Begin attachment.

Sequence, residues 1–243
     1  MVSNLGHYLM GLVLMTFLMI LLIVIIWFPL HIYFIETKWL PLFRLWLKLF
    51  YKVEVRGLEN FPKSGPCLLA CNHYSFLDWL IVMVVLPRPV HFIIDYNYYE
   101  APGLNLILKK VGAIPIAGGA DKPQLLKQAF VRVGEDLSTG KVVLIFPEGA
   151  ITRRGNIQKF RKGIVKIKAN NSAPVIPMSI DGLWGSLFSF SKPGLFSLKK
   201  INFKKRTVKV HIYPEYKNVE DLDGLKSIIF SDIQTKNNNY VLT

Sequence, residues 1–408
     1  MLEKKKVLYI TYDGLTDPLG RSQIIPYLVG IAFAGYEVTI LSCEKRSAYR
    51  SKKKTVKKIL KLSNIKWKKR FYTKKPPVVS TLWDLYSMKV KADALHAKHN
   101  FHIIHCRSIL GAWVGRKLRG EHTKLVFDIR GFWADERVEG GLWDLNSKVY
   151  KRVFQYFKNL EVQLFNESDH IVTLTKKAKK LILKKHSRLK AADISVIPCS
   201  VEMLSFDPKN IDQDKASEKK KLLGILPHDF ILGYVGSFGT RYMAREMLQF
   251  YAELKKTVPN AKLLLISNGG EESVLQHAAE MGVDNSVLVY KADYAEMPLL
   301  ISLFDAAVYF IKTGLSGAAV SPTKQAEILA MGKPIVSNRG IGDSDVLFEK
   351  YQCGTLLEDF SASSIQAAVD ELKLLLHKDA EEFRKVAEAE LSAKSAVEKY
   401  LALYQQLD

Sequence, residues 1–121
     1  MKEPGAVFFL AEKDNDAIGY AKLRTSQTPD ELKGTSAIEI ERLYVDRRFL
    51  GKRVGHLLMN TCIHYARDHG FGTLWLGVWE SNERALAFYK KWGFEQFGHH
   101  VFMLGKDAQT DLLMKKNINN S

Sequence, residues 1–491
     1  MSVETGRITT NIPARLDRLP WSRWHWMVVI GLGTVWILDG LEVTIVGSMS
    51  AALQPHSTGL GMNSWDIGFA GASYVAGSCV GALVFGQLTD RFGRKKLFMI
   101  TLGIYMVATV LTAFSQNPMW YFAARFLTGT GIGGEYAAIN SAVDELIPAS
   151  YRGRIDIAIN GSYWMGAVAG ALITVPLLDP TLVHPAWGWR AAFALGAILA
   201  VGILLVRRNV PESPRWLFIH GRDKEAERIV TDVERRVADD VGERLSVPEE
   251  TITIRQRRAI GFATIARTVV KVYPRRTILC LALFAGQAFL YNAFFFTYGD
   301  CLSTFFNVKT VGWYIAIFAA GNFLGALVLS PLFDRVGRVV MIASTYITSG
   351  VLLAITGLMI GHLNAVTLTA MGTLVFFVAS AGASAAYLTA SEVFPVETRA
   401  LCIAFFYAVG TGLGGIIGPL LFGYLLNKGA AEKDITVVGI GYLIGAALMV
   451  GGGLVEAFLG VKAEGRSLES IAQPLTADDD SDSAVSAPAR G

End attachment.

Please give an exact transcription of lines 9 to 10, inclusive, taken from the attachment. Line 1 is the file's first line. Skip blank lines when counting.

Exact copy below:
    51  SKKKTVKKIL KLSNIKWKKR FYTKKPPVVS TLWDLYSMKV KADALHAKHN
   101  FHIIHCRSIL GAWVGRKLRG EHTKLVFDIR GFWADERVEG GLWDLNSKVY